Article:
What I find interesting is that this story seems to be the forerunner of its own subgenre within the realms of suspense fiction: "Blessing becomes curse". Still, the original story maintains a good amount of dignity by itself. I learned quite a few things about mood from this story's approach alone.
The Jaunt (Stephen King)
Sadly, this story is only available in Stephen King's Skeleton Crew short story collection. But it happens to be one of the author's few science-fiction stories, and it's a very memorable one at that.
What The Jaunt really does is scare the crap out of you, and I know that few science-fiction stories can lay claim to that distinction. What makes this one unique is that it doesn't scare you by means of monsters, or by buckets of gore, or even by morbid atmosphere. It doesn't scare you with shock value, and it doesn't scare you with a look inside the heart of human evil. The Jaunt just gives you a setting -- a theoretically possible setting -- and lets you scare yourself.
Incredible stuff, once you think about it. Ask me to tell the story sometime. :)
Where Love Is, God Is (Leo Tolstoy)
Okay, okay... no more morbid tales. I know that Tolstoy happens to be one of the most long-winded writers in human history, but that doesn't stop me from enjoying some of his works. Darn you, Leo Tolstoy.
Tolstoy actually has other short stories that are more well-known. God Sees the Truth But Waits is a classic, and How Much Land Does a Man Need? frequently makes it to lessons on ethics. But although this short story tends to get overlooked in the face of the more popular ones, I find this to be an excellent treatise on man's better nature. If anything, it teaches a very beautiful lesson that many of us may have long forgotten.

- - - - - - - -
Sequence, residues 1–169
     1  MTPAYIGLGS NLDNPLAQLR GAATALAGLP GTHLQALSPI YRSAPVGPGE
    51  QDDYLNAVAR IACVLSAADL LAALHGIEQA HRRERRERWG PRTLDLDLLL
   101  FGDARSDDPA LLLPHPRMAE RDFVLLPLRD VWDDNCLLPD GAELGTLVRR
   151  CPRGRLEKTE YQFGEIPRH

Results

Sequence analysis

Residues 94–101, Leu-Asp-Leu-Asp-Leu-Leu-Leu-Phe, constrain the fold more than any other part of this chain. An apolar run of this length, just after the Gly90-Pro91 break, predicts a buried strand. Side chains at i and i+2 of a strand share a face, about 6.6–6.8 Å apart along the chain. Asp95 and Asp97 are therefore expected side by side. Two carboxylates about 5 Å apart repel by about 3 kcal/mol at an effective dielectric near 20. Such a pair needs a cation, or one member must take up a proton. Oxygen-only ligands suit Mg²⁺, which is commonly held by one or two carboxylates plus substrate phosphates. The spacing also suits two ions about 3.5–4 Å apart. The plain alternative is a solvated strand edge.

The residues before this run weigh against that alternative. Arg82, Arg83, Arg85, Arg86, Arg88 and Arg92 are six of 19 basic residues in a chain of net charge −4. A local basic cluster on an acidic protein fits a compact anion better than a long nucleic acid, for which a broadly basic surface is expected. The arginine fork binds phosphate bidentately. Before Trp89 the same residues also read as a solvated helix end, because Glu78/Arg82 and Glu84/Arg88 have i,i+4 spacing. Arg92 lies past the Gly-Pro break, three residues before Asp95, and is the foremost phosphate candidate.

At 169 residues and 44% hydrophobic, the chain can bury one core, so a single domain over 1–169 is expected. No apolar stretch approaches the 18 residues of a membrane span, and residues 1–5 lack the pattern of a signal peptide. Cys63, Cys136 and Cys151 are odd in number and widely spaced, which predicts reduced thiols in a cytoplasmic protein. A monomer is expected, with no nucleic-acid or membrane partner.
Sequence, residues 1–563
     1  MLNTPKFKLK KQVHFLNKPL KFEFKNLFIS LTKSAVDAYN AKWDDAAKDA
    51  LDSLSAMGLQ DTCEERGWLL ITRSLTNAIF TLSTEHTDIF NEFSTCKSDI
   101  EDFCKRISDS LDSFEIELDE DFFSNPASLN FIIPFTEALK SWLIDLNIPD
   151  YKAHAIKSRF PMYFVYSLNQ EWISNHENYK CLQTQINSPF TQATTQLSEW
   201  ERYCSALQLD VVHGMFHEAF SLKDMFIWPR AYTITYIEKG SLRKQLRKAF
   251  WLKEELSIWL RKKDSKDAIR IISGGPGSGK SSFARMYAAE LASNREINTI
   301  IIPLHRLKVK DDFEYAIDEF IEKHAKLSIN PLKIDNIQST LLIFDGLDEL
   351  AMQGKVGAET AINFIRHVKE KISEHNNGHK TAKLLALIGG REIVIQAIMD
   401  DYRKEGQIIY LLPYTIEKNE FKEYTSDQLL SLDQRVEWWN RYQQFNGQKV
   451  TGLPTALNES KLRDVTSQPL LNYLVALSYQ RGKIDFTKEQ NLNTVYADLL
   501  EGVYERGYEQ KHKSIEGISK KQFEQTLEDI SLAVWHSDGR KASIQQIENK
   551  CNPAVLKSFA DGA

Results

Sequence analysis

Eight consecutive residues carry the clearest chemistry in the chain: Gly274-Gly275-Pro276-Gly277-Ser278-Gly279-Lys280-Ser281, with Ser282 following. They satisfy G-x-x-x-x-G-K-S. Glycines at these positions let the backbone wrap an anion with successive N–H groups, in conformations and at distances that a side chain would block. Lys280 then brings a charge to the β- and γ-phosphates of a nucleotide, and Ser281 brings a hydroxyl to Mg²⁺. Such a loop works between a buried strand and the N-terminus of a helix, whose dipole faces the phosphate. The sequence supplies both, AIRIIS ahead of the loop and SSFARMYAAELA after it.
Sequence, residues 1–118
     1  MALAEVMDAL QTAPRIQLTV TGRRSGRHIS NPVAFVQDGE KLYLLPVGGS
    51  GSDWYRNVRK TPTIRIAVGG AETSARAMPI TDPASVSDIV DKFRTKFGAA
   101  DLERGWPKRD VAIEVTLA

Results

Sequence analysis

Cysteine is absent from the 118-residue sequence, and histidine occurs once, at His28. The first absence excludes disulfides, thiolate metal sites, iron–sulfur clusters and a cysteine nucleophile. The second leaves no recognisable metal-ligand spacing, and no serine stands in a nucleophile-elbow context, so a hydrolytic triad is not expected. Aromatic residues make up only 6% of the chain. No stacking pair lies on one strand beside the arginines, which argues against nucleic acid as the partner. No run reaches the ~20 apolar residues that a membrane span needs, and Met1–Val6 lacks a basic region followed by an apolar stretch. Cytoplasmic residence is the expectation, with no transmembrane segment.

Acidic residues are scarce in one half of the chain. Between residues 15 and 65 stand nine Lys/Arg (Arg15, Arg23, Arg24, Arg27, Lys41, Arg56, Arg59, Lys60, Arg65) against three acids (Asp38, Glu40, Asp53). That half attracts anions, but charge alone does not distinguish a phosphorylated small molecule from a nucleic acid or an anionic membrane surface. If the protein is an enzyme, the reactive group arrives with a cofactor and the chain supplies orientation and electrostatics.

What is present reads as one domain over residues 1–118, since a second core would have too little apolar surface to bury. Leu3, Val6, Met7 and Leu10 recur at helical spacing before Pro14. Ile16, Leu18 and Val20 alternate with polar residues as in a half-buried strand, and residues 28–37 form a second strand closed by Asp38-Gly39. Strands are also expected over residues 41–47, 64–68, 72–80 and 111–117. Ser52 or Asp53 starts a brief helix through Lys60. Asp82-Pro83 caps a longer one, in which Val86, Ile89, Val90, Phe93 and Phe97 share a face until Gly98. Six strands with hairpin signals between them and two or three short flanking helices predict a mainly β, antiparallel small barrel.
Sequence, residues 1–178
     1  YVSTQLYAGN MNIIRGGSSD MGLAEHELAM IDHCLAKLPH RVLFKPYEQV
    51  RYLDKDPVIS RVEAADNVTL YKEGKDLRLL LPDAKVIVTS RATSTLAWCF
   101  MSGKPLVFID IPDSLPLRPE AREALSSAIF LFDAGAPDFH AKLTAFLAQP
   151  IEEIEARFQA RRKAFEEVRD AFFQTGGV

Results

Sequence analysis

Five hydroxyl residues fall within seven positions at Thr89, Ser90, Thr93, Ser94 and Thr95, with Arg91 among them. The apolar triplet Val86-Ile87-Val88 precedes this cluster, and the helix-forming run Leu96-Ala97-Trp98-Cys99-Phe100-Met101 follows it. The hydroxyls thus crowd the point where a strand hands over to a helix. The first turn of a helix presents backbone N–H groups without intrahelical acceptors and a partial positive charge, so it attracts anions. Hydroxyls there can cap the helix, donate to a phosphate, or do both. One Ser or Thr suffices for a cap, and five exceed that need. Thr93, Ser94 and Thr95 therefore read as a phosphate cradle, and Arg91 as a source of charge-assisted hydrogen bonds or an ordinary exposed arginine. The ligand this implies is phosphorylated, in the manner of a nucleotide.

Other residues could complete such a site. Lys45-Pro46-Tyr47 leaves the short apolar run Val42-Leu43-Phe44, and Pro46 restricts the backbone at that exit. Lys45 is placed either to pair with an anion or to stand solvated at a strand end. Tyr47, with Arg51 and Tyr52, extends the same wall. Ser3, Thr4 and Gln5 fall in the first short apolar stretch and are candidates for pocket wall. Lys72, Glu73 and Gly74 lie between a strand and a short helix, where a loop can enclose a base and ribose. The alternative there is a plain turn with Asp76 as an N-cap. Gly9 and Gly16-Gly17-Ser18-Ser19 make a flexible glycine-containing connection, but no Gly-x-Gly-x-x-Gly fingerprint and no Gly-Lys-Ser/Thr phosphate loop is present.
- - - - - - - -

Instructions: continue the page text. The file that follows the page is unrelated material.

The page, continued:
The Last Question (Isaac Asimov)
I was first given a (xeroxed) copy of this short story by a friend in college, and I've kept the gift ever since. I will go as far as saying that this illustrates the pinnacle of science-fiction in a short-story format, and I am certain that a lot of familiar readers will agree with me.
For that matter, this seems to be a long-standing favorite of many science-fiction readers (including Asimov himself). The ending is as smooth and as remarkable as you can possibly get in a story, one that will immediately cause you to break into a smile at the very realization of the idea. In fact, the ending is so memorable that most readers actually forget the title in favor of remembering the climax.
I'm certain that I have a lot more than five favorites among the short stories I've read, but I have to admit that these are literally the first items that come to mind. And I figure that, if anything makes such a great impression that it tends to stick out in your head afterwards, then it's worth remembering when you're a little older, and it's worth sharing with the people you know.
For that matter, if I ever have kids, then I'm going to resolve to read them these stories sometime. One of the qualities of an excellent story, now that I think about it, is that you must fail to keep it to yourself. :)